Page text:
Interview: A Conversation with Martha Plimpton (Mass)
As I get the email from her publicist on that Wednesday afternoon saying “we’re gonna head into the zoom now, we’re running early” my hands get sweaty, my nerves start making my sweat even more than usual. I’m nervous and yet so ready to talk to Martha.
Doing some research on her and the film, I found out that we had a mutual friend, yup, turns out I am 1-degree of Martha Plimpton. I enter the zoom and the first face I see is Martha’s with a smile, her deep red glasses, and her short hair which is now a cool auburn with a gorgeous white streak in it instantly made me feel welcomed. (If they were going to cast a Sally Jessy Raphael biopic in that exact moment, winner winner chicken dinner) We greet each other with “Hello’s” and I mention before we start who our mutual is and the mood becomes even lighter and more welcoming, for a first-time press junket interview for myself, I’ve hit the jackpot.
Mass tells the story of two couples who are bound for life due to a tragedy that one of the couple’s sons committed on the other’s son, amongst other victims. One couple birthed the killer of a mass shooting, the other birthed a victim. This is the first time that either of the couples have been face-to-face to discuss what happened. Martha plays “Gail” who from moment one of meeting her feels like a tea kettle ready to burst at any second, she is able to take a full gambit of emotions that get bottled up and then let them go slowly as the fire burns inside her.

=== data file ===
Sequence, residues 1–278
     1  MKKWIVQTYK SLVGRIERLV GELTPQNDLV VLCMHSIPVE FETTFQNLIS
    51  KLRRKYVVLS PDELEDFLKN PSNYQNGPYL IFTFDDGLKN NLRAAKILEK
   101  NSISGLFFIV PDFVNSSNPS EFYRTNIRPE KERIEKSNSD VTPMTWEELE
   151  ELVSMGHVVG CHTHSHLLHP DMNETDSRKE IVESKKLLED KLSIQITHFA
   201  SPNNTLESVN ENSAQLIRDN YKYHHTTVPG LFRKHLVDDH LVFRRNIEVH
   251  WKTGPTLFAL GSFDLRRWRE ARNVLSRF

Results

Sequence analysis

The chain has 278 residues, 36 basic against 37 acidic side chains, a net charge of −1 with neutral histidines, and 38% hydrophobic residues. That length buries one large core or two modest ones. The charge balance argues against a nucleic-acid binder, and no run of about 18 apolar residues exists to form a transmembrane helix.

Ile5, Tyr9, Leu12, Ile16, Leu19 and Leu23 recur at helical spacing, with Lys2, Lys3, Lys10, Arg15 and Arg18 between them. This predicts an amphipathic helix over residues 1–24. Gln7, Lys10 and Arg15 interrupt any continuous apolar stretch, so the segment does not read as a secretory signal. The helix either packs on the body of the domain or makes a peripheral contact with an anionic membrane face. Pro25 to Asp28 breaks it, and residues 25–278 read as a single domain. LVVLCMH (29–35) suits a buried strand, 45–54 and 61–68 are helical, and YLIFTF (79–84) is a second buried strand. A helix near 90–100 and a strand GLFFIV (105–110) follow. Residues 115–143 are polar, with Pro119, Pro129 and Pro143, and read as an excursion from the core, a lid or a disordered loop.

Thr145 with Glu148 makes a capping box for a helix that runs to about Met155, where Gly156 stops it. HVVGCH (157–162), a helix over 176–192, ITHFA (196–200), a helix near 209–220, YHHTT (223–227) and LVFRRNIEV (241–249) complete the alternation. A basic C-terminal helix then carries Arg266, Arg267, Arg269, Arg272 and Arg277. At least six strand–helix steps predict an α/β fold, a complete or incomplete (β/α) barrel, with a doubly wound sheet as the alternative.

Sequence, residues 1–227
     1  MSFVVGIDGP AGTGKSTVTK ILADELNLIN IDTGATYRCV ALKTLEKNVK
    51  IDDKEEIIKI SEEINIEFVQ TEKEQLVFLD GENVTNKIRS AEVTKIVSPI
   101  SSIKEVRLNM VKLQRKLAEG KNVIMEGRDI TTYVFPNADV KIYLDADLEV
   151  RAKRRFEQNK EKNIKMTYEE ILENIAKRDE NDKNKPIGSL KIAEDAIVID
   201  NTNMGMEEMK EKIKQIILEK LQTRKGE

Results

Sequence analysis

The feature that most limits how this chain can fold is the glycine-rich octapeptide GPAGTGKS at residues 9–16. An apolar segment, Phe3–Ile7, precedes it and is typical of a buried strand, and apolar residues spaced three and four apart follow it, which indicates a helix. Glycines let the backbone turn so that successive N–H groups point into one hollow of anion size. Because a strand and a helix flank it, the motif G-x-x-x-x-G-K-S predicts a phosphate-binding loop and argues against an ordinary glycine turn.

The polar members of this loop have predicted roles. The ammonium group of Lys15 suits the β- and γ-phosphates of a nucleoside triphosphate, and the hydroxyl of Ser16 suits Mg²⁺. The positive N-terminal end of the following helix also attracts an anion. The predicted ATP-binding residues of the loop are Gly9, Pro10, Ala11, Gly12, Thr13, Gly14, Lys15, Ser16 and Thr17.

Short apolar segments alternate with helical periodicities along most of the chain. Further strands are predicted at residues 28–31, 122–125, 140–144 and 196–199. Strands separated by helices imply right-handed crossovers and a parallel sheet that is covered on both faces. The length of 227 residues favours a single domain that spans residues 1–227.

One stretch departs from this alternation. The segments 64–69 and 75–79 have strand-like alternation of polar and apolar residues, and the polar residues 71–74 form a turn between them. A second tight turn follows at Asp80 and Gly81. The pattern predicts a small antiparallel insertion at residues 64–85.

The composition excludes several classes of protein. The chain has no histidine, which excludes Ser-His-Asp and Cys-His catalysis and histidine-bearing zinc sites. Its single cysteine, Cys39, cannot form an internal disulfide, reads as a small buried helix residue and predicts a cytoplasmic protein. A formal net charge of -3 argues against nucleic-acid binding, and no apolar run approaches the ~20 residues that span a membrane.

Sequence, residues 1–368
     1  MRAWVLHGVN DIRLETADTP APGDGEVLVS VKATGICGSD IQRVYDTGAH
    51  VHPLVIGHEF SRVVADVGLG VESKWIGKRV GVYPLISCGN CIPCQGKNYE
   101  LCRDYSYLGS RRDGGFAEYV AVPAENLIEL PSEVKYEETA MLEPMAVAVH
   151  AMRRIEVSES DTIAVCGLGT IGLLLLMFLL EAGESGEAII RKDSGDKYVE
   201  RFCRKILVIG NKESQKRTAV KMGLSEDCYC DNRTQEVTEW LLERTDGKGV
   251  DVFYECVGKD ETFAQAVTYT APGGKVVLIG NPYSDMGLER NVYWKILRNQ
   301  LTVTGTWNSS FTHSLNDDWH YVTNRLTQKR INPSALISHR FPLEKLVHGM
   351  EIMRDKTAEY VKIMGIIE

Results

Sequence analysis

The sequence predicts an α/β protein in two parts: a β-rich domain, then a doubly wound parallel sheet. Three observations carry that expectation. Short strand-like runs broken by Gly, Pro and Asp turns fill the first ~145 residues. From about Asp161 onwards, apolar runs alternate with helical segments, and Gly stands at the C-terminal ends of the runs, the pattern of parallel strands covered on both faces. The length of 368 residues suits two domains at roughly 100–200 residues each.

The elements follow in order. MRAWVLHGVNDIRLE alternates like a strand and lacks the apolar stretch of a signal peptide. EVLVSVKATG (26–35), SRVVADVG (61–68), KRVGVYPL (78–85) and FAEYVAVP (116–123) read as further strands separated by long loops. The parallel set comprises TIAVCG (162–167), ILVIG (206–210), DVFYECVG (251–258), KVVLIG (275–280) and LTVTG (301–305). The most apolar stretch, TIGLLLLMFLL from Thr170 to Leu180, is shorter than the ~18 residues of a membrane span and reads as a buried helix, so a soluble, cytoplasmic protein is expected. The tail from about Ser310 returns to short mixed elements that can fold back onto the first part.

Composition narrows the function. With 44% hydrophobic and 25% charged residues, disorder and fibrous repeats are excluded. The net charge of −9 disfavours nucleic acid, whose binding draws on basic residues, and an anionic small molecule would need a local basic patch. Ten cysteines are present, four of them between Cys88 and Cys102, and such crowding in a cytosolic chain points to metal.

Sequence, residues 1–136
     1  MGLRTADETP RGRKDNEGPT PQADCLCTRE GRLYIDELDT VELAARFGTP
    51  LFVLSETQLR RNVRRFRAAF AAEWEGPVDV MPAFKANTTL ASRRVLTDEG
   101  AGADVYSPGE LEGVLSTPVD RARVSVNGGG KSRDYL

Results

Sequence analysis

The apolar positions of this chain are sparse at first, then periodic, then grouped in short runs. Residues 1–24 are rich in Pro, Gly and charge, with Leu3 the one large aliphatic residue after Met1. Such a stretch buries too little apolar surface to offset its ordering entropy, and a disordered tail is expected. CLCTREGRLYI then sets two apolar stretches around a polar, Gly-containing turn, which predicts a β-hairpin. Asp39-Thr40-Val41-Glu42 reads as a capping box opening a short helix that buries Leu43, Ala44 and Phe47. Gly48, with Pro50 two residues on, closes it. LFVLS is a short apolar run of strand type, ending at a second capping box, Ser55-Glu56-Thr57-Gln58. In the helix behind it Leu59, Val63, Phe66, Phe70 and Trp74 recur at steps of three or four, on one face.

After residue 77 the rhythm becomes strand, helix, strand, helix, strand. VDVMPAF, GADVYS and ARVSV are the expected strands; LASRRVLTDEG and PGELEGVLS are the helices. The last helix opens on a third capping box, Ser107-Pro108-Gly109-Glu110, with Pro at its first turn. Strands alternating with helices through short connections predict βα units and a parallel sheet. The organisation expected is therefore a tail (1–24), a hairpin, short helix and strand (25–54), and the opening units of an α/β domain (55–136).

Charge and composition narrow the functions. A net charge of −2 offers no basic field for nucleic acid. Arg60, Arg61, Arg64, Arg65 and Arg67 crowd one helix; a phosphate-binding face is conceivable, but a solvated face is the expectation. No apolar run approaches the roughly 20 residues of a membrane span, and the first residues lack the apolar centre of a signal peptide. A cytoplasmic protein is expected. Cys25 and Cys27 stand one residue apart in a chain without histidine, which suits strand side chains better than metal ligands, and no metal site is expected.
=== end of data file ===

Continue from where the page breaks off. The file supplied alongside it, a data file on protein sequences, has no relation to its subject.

As Martha and I sat face to face separated by our cameras and despite this being our first time meeting the conversation flowed like two old friends catching up and it was just a joyous meeting. From giving all the (well-deserved credit) of her work here to the film’s writer/director Fran Kranz to blushing when I brought up the buzz her role is getting for an Oscar nomination, one that if nominated would be the purest definition of being earned by merit. My favorite moment of the conversation ties in with that last part there- upon mentioning that she is an Oscar Legacy already due to her father who won for 1975’s Nashville- Best Original Song and if she won she would join the rare feat of being on a list of father/daughter Oscar winners like Jane and Henry Fonda, Anjelica and John Huston, and Angelina Jolie and Jon Voigt she was left speechless trying to even imagine that idea.
Talking with Martha Plimpton was truly a delight and I urge you to be able to check out the film when you have a chance, it is an experience that will linger in your mind for days after.